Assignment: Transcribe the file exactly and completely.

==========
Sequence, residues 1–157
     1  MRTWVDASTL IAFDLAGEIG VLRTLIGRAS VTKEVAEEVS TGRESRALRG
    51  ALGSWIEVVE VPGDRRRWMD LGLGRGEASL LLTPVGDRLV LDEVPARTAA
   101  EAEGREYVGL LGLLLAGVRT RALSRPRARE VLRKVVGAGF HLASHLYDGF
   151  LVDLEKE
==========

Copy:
Sequence, residues 1–157
     1  MRTWVDASTL IAFDLAGEIG VLRTLIGRAS VTKEVAEEVS TGRESRALRG
    51  ALGSWIEVVE VPGDRRRWMD LGLGRGEASL LLTPVGDRLV LDEVPARTAA
   101  EAEGREYVGL LGLLLAGVRT RALSRPRARE VLRKVVGAGF HLASHLYDGF
   151  LVDLEKE